Memo on International Relationships and Foreign Influence on Research and Technology Development Activities

July 30, 2019

Dear Colleagues:

The topic of foreign influence in federally sponsored research, including peer review, is receiving increasing attention by many federal agencies and universities across the country.   This generally relates to the exploitation of intellectual capital, technologies, research investigators and research programs at universities by foreign governments and external entities for economic and technology development purposes.

This memo is intended to be sure that all are informed on this issue and to provide guidance for our university community in this area of concern.

We have posted specific guidance and resources to address this issue at and to provide faculty with the information, resources and support needed to navigate global engagements, particularly during today's shifting landscape. 

As awareness and scrutiny of issues relating to foreign influence on research grow, it is of critical importance that the members of our campus community understand them and implement the appropriate preventative measures.   

Steps can and should be taken to minimize the risk of foreign influence safeguarding resources, enabling technologies and intellectual property.

Failure to do so can have serious and far-reaching consequences including the loss of federal funding for the individual investigator and the institution as a whole.

Key elements and safeguard steps include the following:

  • Ensure that both real and perceived domestic and international conflicts of interest or commitment are fully disclosed on annual conflict of interest and commitment disclosures.  Such activities would include foreign consulting, outside business activities, appointments at other universities or course instruction at outside organizations.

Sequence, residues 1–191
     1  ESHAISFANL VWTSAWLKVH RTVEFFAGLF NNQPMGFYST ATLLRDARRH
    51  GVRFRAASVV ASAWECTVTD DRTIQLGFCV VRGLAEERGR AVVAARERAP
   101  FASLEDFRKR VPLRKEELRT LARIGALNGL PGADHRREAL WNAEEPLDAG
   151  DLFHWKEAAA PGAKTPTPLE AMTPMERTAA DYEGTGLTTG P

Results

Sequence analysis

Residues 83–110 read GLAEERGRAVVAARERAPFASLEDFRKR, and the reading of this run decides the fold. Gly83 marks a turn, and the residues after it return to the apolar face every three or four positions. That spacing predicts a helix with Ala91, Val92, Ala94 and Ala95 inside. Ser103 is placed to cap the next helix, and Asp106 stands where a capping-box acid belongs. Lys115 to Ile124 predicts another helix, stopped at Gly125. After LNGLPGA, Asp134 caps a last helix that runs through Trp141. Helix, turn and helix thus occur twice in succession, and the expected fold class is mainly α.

• Ensure that the current and pending support section on federal grant applications includes both foreign and domestic financial resources.
  • Ensure that any "foreign component" of a research and development activity is disclosed on proposals, progress reports, and final technical reports per the National Institutes of Health Grants Policy Statement. 

Foreign component is defined by the National Institutes of Health ( as follows:

The performance of any significant scientific element or segment of a project outside of the United States, either by the recipient or by a researcher employed by a foreign organization, whether or not grant funds are expended. Activities that would meet this definition include, but are not limited to, (1) the involvement of human subjects or animals, (2) extensive foreign travel by recipient project staff for the purpose of data collection, surveying, sampling, and similar activities, or (3) any activity of the recipient that may have an impact on U.S. foreign policy through involvement in the affairs or environment of a foreign country.

Examples of other grant-related activities that may be significant include the following.

  • Collaborations with investigators at a foreign site anticipated to result in co-authorship
  • Use of facilities or instrumentation at a foreign site
  • Receipt of financial support or resources from a foreign entity

Wayne State University remains committed to welcoming researchers, scholars, and students from around the world and cultivating international research collaborations two essential elements of our mission.   

At the same time, we must be cognizant of the challenges that may arise in this area and the responsibility that we all have to be sure that all aspects of this issue are addressed.

Please do not hesitate to contact us with any questions or further clarity on any specific item that may arise in this area and we are glad to provide additional guidance.

  • Ahmad Ezzeddine  - Associate Vice President for Educational Outreach and International Programs ((313) 577-8968,
  • Phil Cunningham, Associate Vice President for Research Integrity (313-577-9064,
  • Gail Ryan, Associate Vice President for Sponsored Program Administration (313-577-6595,


Stephen M. Lanier, Ph.D., Vice President for Research

Keith E. Whitfield, Ph.D., Provost and Senior Vice President for Academic Affairs